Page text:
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Looking to the future

Dukes selected as semifinalists for national fellowships abroad


by Ciara Brennan ('17)

 
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Rachel Corley, a senior international affairs and Spanish double-major, is a semifinalist for a Fulbright English Teaching Assistantship in Mexico.

SUMMARY: Thirteen Dukes from the College of Arts and Letters were selected as semifinalists for prestigious educational exchange programs sponsored by the U.S. government.


On the last Friday in January, 49 Dukes – myself included – refreshed emailand checked application portals in anticipation of the release of semifinalist results for Fulbright’s U.S. Student Program, the flagship international educational exchange program sponsored by the U.S. government. It had been over three months since we submitted our applications to teach Englishpursue graduate study, conduct research or complete artistic projects abroad. 

The program, open to college graduating seniors and young alumni, was created to facilitate cultural exchange and encourage intercultural appreciation through personal and professional encounters. In a normal year, the program draws thousands of applications. In a year that can be described as anything but “normal,” Fulbright announced that 2020 saw the highest application numbers since its inception 75 years ago. 

Of JMU’s 49 applicants, 31 were met with the exciting news of semifinalist status in the most competitive cycle to date. Of the 31 semifinalists, 11 earned degrees – or will soon graduate – from the College of Arts and Letters.

Three JMU students also received semifinalist results for another prestigious national fellowship: The Critical Language Scholarship (CLS) Program, a U.S. government effort to expand the number of Americans studying and mastering critical foreign languages. From the College of Arts and Letters, Lauren Palmieri (’20) and Hannah Schilling were selected as semi-finalists to spend summer abroad engaged in intensive language courses in Turkish and Arabic, respectively.  

What is easy to miss in the excitement of the semifinalist results being announced is the long, arduous road that all the applicants had to endure, just to submit their applications. The countless hours of writing, editing, scrapping altogether and re-writing personal statements and grant proposals. The emails and phone calls, often abroad, to discuss project ideas or request letters of affiliation.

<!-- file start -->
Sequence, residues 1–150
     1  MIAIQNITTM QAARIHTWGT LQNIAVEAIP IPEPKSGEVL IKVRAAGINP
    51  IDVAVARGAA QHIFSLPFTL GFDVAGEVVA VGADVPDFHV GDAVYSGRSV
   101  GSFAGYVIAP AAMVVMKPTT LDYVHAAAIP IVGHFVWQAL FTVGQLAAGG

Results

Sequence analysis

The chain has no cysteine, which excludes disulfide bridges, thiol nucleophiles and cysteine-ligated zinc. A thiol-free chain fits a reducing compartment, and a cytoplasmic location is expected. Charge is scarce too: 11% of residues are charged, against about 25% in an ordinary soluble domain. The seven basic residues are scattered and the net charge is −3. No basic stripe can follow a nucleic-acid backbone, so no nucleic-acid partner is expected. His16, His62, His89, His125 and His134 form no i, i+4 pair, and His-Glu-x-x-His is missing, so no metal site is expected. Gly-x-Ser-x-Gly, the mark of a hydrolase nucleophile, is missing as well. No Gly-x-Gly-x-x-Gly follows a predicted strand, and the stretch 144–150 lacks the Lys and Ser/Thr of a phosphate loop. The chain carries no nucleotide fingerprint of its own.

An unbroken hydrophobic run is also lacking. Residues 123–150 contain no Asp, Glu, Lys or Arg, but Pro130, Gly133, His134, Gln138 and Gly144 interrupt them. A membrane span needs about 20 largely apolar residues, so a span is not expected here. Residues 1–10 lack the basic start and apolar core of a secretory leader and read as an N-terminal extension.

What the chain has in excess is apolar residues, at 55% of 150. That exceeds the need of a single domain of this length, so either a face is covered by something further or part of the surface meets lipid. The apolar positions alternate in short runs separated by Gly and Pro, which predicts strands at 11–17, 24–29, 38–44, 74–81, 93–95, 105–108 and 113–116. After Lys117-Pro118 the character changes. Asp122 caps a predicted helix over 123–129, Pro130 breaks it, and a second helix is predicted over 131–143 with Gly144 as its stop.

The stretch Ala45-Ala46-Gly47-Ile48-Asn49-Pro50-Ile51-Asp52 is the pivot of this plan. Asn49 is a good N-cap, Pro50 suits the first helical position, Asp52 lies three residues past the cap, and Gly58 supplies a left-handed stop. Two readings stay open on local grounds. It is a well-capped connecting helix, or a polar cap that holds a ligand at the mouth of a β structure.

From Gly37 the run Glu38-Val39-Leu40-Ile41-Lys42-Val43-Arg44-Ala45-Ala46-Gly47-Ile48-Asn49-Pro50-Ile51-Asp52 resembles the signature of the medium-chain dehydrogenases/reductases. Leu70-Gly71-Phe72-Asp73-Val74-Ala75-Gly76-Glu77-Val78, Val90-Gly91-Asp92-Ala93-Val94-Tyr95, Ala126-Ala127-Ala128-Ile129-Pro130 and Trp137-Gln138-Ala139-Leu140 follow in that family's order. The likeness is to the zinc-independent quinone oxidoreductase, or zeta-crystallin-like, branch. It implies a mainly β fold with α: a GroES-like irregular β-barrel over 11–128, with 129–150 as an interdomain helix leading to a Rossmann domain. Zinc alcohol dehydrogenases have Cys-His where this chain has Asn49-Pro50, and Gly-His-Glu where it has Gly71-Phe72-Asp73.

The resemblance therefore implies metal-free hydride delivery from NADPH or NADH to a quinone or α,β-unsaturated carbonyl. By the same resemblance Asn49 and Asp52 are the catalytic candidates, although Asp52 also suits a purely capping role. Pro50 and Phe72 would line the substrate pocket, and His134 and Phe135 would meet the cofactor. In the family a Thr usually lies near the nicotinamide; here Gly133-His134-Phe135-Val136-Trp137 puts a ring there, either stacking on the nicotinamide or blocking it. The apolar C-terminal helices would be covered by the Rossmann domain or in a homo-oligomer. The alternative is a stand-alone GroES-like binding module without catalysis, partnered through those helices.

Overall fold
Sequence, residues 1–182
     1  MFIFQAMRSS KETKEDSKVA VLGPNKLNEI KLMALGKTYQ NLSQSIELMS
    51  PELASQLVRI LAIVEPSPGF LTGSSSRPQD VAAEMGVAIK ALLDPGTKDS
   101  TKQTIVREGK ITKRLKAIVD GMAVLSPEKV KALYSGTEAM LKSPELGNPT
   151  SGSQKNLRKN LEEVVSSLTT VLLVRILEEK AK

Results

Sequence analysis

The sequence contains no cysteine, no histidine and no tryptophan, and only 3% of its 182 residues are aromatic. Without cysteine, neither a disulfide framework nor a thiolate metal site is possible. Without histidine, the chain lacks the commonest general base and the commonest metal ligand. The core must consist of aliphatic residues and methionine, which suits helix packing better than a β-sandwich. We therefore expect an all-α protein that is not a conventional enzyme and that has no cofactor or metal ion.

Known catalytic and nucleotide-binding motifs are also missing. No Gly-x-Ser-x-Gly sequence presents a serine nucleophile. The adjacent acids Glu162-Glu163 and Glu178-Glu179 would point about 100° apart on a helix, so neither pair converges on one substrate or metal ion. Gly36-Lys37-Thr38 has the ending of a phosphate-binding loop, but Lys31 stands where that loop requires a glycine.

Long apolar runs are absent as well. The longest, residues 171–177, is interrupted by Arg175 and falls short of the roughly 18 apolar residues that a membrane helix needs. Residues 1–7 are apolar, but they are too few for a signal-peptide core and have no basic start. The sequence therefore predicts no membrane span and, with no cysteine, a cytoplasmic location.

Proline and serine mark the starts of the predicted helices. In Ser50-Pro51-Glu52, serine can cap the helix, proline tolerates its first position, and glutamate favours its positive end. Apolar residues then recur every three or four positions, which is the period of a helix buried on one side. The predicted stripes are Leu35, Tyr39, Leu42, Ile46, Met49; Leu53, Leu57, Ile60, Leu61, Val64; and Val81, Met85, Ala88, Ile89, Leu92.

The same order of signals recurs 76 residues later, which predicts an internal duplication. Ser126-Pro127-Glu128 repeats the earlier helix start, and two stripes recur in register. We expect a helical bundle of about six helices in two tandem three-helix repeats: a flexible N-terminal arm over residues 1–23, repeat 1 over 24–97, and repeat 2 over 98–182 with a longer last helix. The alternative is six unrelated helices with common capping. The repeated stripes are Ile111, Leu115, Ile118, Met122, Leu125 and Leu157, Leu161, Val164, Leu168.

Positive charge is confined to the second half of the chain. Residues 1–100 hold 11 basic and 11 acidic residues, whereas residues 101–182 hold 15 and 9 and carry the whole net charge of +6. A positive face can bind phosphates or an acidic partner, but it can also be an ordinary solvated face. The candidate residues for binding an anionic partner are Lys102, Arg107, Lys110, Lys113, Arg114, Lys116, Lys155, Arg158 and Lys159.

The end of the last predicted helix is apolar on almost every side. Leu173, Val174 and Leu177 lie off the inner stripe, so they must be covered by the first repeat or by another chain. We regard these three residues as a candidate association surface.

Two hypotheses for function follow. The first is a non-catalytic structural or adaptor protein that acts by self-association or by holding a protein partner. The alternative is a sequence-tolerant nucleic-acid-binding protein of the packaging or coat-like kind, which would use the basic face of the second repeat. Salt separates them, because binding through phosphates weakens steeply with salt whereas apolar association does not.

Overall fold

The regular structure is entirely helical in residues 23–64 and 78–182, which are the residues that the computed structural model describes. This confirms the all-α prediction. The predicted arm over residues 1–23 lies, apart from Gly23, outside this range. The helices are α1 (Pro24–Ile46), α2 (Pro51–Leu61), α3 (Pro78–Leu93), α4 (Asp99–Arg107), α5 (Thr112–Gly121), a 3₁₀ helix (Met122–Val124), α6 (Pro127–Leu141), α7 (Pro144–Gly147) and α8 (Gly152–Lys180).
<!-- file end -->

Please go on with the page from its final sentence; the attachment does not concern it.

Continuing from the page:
Then, there are the campus interviews, which are only intended for applicants’ benefit, but come with nerves all the same. Trusted professors, mentors and employers are called on for letters of recommendation, and Meredith Malburne-Wade, the Director of Student Fellowships Advising at JMU, remains on standby for nearly a year with timeline informationastute feedback and “You’ve got this!” emails. It was Malburne-Wade who helped me to mold my clay aspirations last January into an application that could hold water.  

The final draft (the eighth or twelfth version that finally gets submitted) is an amalgamation of past experiences and current passionsas well as a projection of who we could become and how we could Be the Change in a different part of our shared worldThis process takes a village, and it takes imagination, endurance and hope. Cheers to all the Dukes who spent most-uncertain year looking ahead and imagining how they might contribute to and be inspired by the global human community.

 

Fulbright U.S. Student Grant Semifinalists from the College of Arts and Letters
  • Ciara Brennan ('17), who graduated with a bachelor's degree in writing, rhetoric and technical communication, is a semifinalist for the Young Professional Journalist Program in Germany.

  • Maria Castillo ('20), who earned a bachelor's degree in psychology and justice studies, is a semifinalist for an English Teaching Assistantship in Spain.

  • Kyle Chambers ('18), who graduated with a bachelor's degree in History and is studying for a master's in teaching at JMU, is a semifinalist for an English Teaching Assistantship in Czech Republic.

  • Rachel Corley, a senior international affairs and Spanish double-major, is a semifinalist for an English Teaching Assistantship in Mexico.

  • Aliyah Hall, a senior Honors student majoring in media arts and design, is a semifinalist for graduate study in Ireland.

  • Emma Hollern ('19, '20M), who earned a bachelor's degree in English and a master's in teaching, is a semifinalist for an English Teaching Assistantship in Czech Republic.

  • Lillie Jacob, a senior Honors student majoring in English, is a semifinalist for an English Teaching Assistantship in Luxembourg.

  • Sara Leming, who is pursuing a M.A. in political science at JMU, is a research semifinalist for the European Union.

  • Haley McAllister, a senior History major, is a semifinalist for an English Teaching Assistantship in Moldova.

  • Julia Rogers ('20), who graduated with a bachelor's degree in international affairs, is a semifinalist for an English Teaching Assistantship in Colombia.

  • Tyler Strosnider, a senior public policy and international affairs major, is a semifinalist for an English Teaching Assistantship in Taiwan.

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Published: Wednesday, February 17, 2021

Last Updated: Wednesday, February 17, 2021

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